Federal funds to states increased by 4 percent in the 2011 fiscal year, much lower than the 2009 and 2010 fiscal years, which saw growth rates of 19.3 and 19.4 percent respectively. Federal fund spending grew from $552.7 billion in the 2010 fiscal year to an estimated $574.8 billion in the 2011 fiscal year.22 All spending categories of federal funds, with the exception of corrections, experienced at least a modest increase in 2011. Medicaid accounted for the largest share of state spending from federal funds at 43.5 percent. Elementary and secondary education at 12.7 percent and transportation at 7.2 percent represented the next largest shares.23

Total state expenditures—general funds, federal funds, other state funds and bonds combined—grew by an estimated 4.1 percent in the 2011 fiscal year to $1.69 trillion.24 Medicaid remained the largest component of total state spending in the 2011 fiscal year, representing 23.6 percent of total state expenditures. As recently as the 2008 fiscal year, elementary and secondary education represented a larger share of total state expenditures than Medicaid. In 2011, K–12 education represented 20.1 percent of total state expenditures. Other categories of total state expenditures include higher education at 10.1 percent, transportation at 7.6 percent, corrections at 3.1 percent, public assistance at 1.6 percent and all other spending at 33.9 percent.25

Finally, the passage of the Recovery Act in February 2009 produced a shift in the funding sources for state expenditures. Federal funds have grown from representing 26.3 percent of total state expenditures in the 2008 fiscal year to 34.1 percent in estimated expenditures in the 2011 fiscal year, while general funds have gone from representing 45.9 percent of total state spending in fiscal 2008 to 37.7 percent in fiscal 2011.26 General funds, however, will likely make up a larger component of total state expenditures in the 2012 fiscal year as states deal with the rapid decline of Recovery Act funds.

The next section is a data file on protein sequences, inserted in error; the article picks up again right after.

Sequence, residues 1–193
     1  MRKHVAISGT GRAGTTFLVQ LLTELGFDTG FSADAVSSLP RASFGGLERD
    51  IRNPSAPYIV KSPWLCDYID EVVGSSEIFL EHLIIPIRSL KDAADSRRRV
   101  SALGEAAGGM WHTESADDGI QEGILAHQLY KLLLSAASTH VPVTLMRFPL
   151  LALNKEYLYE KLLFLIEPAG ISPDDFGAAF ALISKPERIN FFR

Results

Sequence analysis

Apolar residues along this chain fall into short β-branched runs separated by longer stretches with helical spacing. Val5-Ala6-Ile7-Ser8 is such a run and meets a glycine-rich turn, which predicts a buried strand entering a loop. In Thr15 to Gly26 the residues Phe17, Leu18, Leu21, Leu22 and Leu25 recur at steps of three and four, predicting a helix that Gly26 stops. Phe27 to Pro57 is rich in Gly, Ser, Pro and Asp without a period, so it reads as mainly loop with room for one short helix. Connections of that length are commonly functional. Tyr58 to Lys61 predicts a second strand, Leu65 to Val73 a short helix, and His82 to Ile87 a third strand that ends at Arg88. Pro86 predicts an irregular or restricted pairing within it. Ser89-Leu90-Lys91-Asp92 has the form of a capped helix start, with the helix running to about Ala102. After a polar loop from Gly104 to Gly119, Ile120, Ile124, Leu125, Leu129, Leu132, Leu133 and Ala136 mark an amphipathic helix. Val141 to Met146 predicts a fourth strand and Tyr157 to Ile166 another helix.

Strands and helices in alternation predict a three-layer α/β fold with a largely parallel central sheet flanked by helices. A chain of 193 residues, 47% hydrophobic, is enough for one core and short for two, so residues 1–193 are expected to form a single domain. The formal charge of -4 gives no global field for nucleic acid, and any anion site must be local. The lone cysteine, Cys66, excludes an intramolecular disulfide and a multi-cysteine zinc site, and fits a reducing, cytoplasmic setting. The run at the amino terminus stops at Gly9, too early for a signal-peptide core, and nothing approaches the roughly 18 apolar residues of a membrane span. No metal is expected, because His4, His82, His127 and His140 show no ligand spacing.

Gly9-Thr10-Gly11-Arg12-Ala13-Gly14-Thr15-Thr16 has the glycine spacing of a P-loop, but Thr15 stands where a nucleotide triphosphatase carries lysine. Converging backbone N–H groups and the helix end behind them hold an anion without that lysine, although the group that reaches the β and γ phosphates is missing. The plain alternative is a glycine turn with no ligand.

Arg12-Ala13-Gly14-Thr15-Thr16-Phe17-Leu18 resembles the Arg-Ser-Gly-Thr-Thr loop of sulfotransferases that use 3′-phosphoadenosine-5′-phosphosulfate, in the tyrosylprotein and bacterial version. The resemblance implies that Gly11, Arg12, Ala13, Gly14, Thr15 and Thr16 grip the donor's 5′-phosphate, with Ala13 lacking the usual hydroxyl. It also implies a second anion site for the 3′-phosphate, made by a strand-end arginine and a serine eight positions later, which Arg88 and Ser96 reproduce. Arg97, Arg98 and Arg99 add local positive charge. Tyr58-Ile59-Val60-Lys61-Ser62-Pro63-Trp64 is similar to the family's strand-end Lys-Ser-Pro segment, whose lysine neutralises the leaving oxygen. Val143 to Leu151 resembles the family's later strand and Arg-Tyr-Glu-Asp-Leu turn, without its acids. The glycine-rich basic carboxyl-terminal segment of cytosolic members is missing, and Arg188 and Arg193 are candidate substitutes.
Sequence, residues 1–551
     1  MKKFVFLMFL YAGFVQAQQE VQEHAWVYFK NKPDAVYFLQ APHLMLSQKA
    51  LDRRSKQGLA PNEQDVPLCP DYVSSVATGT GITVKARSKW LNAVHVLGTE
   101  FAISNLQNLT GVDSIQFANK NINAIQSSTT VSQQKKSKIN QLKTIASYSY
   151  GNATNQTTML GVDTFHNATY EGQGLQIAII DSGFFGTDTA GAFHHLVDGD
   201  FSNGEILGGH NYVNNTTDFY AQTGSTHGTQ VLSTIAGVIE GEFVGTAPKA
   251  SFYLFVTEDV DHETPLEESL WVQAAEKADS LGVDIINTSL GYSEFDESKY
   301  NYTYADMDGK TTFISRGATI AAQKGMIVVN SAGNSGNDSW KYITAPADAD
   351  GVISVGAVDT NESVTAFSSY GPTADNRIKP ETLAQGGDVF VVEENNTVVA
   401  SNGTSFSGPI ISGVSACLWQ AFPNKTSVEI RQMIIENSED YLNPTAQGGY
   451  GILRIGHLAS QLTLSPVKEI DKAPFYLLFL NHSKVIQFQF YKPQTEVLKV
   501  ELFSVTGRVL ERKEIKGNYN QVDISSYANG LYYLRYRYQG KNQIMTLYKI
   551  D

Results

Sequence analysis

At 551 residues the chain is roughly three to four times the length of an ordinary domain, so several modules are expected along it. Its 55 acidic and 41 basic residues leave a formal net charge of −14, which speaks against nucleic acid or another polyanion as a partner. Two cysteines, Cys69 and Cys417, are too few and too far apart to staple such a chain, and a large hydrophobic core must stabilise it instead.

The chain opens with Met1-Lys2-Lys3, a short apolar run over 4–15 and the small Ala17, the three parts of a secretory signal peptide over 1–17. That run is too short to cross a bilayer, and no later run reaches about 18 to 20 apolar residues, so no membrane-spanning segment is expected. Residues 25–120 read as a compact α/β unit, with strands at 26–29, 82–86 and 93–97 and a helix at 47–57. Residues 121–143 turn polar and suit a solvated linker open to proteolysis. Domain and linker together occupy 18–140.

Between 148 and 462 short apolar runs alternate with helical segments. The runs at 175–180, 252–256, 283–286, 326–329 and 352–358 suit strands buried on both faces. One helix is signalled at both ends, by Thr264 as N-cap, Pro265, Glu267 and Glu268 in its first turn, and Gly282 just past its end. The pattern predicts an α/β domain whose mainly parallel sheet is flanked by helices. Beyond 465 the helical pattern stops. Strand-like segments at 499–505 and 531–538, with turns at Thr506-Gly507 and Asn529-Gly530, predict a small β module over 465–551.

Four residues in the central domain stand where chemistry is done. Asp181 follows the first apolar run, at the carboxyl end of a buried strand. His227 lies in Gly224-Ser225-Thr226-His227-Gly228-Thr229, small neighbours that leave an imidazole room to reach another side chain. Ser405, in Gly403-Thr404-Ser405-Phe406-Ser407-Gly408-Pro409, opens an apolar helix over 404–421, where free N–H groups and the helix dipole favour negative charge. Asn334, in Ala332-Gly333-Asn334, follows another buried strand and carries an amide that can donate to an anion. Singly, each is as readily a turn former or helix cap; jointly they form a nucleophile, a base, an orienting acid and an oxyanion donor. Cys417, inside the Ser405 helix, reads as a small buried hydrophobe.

State Spending in 2012
According to appropriated budgets, general fund expenditures are expected to increase by 2.9 percent in the 2012 fiscal year. General fund spending is estimated to be $666.6 billion in 2012, an $18.5 billion increase from the 2011 fiscal year.27 Forty-three states enacted a 2012 fiscal year budget with general fund spending levels above 2011.28 By comparison, as recently as fiscal 2010, 45 states enacted general fund budgets with lower levels of spending.29 The 2012 fiscal year general fund spending is expected to remain well below pre-recession levels, even after assuming a 2.9 percent growth from the 2011 fiscal year. Specifically, general fund spending will remain $20 billion, or 3.1 percent, below its peak level in 2008. Furthermore, 29 states enacted a 2012 fiscal year budget with lower general fund spending than they had in the 2008 fiscal year.30

Budget Cuts
The number of states forced to make midyear budget cuts declined significantly in the 2011 fiscal year. While 43 states made midyear cuts totaling $31.3 billion in the 2009 fiscal year, and 39 states made midyear cuts totaling $18.3 billion in the 2010 fiscal year, only 19 states made midyear cuts totaling $7.4 billion in 2011. While the number of states forced to make midyear budget cuts was reduced in half from 2010 to 2011, states still made significant cuts. Education was one area that experienced widespread cuts, with 18 states making midyear cuts to higher education and 17 states making midyear cuts to K–12. Other program areas that were cut midyear include corrections (16 states), Medicaid (12 states), public assistance (11 states), and transportation (seven states).31

The number of states making midyear budget cuts has decreased even further so far in the 2012 fiscal year, with only two states reporting midyear cuts through December. The decrease in the number of states making midyear budget cuts is likely attributable to improved revenue collections and more accurate revenue projections. Through December, 15 states were exceeding revenue projections, while 22 states were on target, and only seven states were seeing revenues coming in lower than projections; not all states were able to provide preliminary 2012 fiscal year data.32

Balances
Total balances include both ending balances as well as the amounts in states’ budget stabilization funds. Combined, these reserves reflect the funds states may use to respond to unforeseen circumstances after budget obligations have been met. Forty-eight states currently have either a budget stabilization fund or a “rainy day” fund, with about three-fifths of the states having limits on the size of these funds.33